Query: Dendritic Networks

Alan J. Robinson robin073 at maroon.tc.umn.edu
Thu Feb 15 11:46:19 EST 1996


On 13 Feb 1996 19:48:55 GMT, 
Paul Bush  <paul at phy.ucsf.edu > wrote:

>In article <3117860D.2781 at psy.ox.ac.uk>, "Simon R. Schultz" <simon.schultz at psy.ox.ac.uk> writes:
>
>|> There is room for specialisation in neuroscience, and there's plenty of room
>|> for those who specialise in theoretical analysis -- if these people (such as
>|> myself) spent 2/3 of every day running recordings, they simply wouldn't have
>|> time to develop their theoretical skills sufficiently.
>
>|> On the other hand, the physiology (and anatomy) *is* fundamental. Lets have no
>
>|> On the other hand, there isn't always an advantage to detailed (e.g.
>
>With 3 hands, you should be able to work 50% faster than anyone else...
>

Paul:

The ever increasing specialization of science has ran slap bang up 
against the strong desirability for scientists in the behavioral 
and brain sciences to have a broad basis of understanding of recent 
results throughout all those disciplines.  Without this understanding, 
the science is reduced to gathering large volumes of experimental 
data without any overall theoretical or SYSTEMS framework.

The rules of scientific conduct make it close to impossible for an 
individual scientist to achieve and sustain expertise in more than one 
discipline or one approach at a time, but many scientists from both 
inside and outside the behavioral and brain sciences appear to lack 
even the most basic credentials in the core disciplines such as 
neuroscience and psychology.

This relates to the problems associated with theoretical 
physical-mathematical model building, which has been one of the most 
important, and in some ways the most disastrous development in 20th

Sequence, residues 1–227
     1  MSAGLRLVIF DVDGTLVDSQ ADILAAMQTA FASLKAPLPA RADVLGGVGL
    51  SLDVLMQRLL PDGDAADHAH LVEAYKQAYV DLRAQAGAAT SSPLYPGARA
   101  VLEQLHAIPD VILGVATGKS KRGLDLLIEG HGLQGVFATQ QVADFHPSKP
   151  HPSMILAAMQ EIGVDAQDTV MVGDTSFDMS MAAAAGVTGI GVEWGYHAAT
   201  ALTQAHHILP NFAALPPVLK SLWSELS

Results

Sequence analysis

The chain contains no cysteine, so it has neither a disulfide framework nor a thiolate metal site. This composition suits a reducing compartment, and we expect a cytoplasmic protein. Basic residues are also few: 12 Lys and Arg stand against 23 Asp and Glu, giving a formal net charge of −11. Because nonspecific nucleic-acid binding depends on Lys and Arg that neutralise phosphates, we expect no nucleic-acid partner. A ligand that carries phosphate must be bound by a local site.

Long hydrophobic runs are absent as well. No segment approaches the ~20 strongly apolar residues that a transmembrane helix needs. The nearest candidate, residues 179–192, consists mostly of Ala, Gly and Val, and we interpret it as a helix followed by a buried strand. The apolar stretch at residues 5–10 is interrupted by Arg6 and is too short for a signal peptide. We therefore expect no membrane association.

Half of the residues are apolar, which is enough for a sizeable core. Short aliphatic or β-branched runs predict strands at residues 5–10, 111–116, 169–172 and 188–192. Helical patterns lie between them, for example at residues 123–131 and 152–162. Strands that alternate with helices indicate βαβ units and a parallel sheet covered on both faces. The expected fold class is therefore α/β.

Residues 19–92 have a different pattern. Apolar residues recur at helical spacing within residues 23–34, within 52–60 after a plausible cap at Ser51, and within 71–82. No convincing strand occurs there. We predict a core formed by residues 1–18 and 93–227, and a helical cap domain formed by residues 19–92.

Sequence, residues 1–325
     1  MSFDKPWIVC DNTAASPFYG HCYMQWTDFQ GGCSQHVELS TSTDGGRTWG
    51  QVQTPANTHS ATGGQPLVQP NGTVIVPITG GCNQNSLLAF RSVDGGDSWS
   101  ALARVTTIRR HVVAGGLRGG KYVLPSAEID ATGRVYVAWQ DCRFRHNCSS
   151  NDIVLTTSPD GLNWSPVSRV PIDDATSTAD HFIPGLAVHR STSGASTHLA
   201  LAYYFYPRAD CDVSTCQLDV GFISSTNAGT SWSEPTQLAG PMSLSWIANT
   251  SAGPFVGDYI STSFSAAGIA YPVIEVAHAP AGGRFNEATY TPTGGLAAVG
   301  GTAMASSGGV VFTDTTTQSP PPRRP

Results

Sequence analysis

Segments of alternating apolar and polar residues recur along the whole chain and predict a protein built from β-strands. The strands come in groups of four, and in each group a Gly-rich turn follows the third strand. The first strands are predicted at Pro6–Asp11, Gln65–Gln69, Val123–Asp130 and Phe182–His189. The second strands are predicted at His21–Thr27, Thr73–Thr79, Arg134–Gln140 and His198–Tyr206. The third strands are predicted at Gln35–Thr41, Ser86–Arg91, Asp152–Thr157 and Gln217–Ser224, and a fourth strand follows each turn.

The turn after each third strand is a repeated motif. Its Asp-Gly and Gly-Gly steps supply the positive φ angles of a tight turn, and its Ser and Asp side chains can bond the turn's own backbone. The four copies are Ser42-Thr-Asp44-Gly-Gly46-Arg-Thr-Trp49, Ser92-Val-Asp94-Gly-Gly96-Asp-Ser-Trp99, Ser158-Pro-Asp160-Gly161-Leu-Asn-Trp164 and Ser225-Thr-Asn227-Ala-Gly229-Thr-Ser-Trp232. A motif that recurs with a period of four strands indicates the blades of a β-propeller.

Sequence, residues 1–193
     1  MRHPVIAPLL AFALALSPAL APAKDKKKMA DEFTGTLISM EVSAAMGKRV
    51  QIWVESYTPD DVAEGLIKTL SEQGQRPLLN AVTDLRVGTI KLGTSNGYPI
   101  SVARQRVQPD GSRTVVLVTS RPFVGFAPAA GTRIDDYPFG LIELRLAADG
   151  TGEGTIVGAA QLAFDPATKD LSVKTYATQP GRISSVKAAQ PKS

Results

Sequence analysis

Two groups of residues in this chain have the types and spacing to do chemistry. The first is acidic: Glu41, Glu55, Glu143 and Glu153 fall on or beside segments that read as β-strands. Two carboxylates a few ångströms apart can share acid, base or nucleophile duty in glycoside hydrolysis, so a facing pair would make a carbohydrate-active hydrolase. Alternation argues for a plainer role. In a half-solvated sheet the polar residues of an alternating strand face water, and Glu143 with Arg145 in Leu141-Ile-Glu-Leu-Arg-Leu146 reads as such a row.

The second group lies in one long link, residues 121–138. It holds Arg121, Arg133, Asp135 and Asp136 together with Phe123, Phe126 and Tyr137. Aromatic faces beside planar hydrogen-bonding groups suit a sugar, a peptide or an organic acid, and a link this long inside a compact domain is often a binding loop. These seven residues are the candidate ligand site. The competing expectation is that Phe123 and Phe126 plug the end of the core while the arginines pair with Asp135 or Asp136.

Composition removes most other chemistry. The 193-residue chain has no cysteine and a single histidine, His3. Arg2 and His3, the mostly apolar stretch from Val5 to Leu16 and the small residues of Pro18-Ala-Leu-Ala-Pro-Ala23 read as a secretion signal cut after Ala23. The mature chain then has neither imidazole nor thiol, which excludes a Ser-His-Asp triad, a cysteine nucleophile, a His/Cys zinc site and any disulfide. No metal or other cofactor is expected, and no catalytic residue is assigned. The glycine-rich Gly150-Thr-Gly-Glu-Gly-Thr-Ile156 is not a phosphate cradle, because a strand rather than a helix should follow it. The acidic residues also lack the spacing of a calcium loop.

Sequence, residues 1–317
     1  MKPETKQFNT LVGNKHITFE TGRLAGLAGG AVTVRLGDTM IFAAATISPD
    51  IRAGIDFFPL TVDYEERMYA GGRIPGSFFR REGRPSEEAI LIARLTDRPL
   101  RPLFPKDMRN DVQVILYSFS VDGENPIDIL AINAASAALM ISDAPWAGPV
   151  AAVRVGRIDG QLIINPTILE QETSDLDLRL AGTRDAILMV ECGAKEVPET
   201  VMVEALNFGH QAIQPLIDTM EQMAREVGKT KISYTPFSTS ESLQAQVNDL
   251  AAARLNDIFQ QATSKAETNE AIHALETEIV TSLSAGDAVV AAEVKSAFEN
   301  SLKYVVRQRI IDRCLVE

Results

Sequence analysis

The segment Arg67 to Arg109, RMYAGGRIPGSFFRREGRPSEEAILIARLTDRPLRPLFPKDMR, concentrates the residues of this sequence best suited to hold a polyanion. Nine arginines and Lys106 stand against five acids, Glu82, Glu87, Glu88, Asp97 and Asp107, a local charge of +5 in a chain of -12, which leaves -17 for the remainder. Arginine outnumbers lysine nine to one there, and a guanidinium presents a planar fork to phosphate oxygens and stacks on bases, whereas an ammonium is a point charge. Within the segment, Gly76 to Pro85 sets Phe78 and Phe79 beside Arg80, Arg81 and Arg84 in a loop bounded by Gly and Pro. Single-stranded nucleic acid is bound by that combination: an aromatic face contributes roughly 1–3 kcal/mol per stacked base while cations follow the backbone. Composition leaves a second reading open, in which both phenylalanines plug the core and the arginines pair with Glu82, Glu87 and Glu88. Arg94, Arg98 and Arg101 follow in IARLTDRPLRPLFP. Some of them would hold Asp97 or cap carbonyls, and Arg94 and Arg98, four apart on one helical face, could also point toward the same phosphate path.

century science.  

This type of model building, especially using a computer, is most 
closely associated with John von Neumann, a strong contender 
for the most powerful intellect of all time.  It is therefore 
surprising that von Neumann did not realize that almost all these 
models exhibit chaotic behavior through numerical instability and 
sensititivity to initial conditions, quite apart from the 
approximations that have to be used (contrary to popular opinion, 
physics is NOT an exact science.)

Can such models still be useful?  yes!  BUT YOU HAVE TO KNOW WHAT 
TYPE OF RESULTS YOU ARE LOOKING FOR BEFORE YOU BUILD THE MODEL.  This 
is why it is so important that such models ONLY be built by those 
who have some formal and practical background in the subject 
discipline.  A general scientific education coupled with a brief 
literature survey is NOT a sufficient qualification for model 
building or even making public statements about the brain and 
human behavior.

What I find really surprising is that this rule is repeatedly violated 
by some scientists at the world's most prestigious universities such 
as Oxford and Harvard, who should know better and set an example to 
the rest of the world.

AJR




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